Recommend a good photo/art book for me!
Alright, so I'm fairly comfortable with most technical aspects of photography, so a book on that subject won't be of a ton of use to me.
What I'm looking for is a book that helps me "see" photos better and look for better photo opportunities. I feel like my vision has gotten a little bit stale over the last couple of months.
I don't consider myself a "street" or landscape photographer, so books that specialize in those things are going to be lower on my list. I do a lot of portraits and also some photo walkabouts that can involve shooting just about anything. A book that fits into that style of photography is even better.
I just want something that will freshen my photographic perspective. Photographers/authors talking about strange, surreal, or alternative photography would be great, as this lines up with my interests.
Current photographers I really like: André Kertész, Man Ray, Alfred Stieglitz, Josef Sudek, and Diane Arbus. Thanks for any suggestions!
You can see some of my portfolio here
Shooting 35mm with a Voigtländer Bessa R2 w/ Canon Serenar 35mm f2.8, Summitar 50mm, Elmar 90mm
I think "Photography: the art of composition" by Bert Krages might suit your moment brilliantly. I enjoyed the texts and exercises a lot. And if you're more into street-style imaging, you would probably enjoy them even more!
Also something like "Learn to look at paintings" by Mary Acton would enhance one's vision greatly, in my opinion.
Tao of Photography - seeing beyond seeing by Gross and Shapiro
The Complete Photographer by Tom Ang
I recently bought Sylvia Plachy's Signs and Relics. It's out of print, but can be found via used book dealers. Great, great seeing, and she was a protege of Kertesz.
Any of Irving Penn. Harry Callahan' Eleanor is a favorite of mine. Eugene Meatyard is a good look. I recently bought "Why Photographs Work". not the best book but interesting.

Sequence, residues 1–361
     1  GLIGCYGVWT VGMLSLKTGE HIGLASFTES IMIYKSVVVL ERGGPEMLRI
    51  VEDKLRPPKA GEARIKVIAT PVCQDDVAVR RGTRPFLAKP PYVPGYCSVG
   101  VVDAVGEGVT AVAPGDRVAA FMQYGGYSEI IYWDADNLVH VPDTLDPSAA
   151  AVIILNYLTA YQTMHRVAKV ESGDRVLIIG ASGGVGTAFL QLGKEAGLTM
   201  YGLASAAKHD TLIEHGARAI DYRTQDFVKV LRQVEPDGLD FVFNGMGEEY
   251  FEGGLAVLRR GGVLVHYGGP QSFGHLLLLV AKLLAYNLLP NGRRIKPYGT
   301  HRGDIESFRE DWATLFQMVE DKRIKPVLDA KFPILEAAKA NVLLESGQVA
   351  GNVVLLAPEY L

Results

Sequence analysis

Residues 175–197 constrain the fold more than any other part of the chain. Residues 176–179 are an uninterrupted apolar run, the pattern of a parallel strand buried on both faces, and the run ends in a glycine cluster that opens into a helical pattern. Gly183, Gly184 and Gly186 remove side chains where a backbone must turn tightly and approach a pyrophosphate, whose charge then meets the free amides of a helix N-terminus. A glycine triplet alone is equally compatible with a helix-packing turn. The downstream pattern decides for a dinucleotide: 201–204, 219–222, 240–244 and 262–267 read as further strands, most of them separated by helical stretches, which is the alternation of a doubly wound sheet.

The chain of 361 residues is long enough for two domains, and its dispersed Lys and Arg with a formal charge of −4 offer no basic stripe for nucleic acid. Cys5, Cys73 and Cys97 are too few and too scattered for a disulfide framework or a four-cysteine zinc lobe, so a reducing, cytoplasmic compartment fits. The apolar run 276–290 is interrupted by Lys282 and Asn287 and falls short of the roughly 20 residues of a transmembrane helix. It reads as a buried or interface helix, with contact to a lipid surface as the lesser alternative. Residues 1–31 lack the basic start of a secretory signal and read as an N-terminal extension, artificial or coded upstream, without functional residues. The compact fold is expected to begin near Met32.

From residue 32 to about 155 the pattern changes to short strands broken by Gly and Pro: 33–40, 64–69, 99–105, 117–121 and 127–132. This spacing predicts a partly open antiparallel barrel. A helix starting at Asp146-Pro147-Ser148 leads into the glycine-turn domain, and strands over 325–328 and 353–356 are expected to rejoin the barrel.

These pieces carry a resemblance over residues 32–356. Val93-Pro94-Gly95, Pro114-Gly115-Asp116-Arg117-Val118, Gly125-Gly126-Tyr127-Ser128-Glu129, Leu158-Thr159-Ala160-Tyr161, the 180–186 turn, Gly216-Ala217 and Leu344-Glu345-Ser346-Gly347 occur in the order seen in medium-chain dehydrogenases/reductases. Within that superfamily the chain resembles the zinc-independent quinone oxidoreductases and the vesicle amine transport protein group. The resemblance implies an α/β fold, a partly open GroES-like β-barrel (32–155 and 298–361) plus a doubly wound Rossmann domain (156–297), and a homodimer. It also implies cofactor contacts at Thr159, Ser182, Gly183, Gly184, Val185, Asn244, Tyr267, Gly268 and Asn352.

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"How to See", by George Nelson. By the renown graphic and industrial designer, who was also an avid photographer and observer of the world around us. Richly illustrated.
"If You Want To Write", by Brenda Ueland. Although addressed to the aspiring and practicing author, it is really written for anyone pursuing creative endeavors in all mediums. It's about exploring and working out your creative discipline, whether it be visual or the written word. Very inspirational; I return to it every couple of years.
"Diana & Nikon", by Janet Malcolm. Most of these essays appeared in "The New Yorker". Very good writing style without being heady (read: brain-bleeds ala ARTFORUM). Places photography and its various practitioners within a wider cultural context.
Any books from Lustrum Press (Ralph Gibson's imprint). Recommended --- Contact:Theory, Portrait: Theory, Darkroom, Darkroom 2. In these books, photographers discuss their own working methodologies and creative thinking. All are out-of-print, but local libraries may carry some.
Check out Steidl's site, as well: http://www.steidlville.com/. High-quality publisher of modern and contemporary photography and fine art.
Hold the phone....
Go out and get Andreas Feininger's "Photographic Seeing".
His reputation isn't as big as it deserves to be. His books are like being in class with a professor that you greatly admire. No flowery interpretations about photographs, just straightforward facts about photographic composition. You do the flowering, he gives you the soil.... (dang, that was pretty flowery on my part...)
arshiel gorky or kandinsky, or picasso, or matisse or ...
motherwell & the new york school
seeing non photographic books and looking
at paintings ( in a book or museum / gallery )
will allow you to see landscapes and the street in a different light.
and if it has to be photographic .. atget
ha, i compiled a list for a friend this morning--you're lucky!
The Photographer's Eye by John Szarkowski (1966)
Looking at Photographs by John Szarkowski (1974)
On Photography by Susan Sontag (1977)
Camera Lucida by Roland Barthes (1988)
The Nature of Photographs by Stephen Shore (1998)
How to Read a Photograph by Ian Jeffrey (2009)
Regarding the Pain of Others by Susan Sontag (2004)
after you read all this you'll write your own...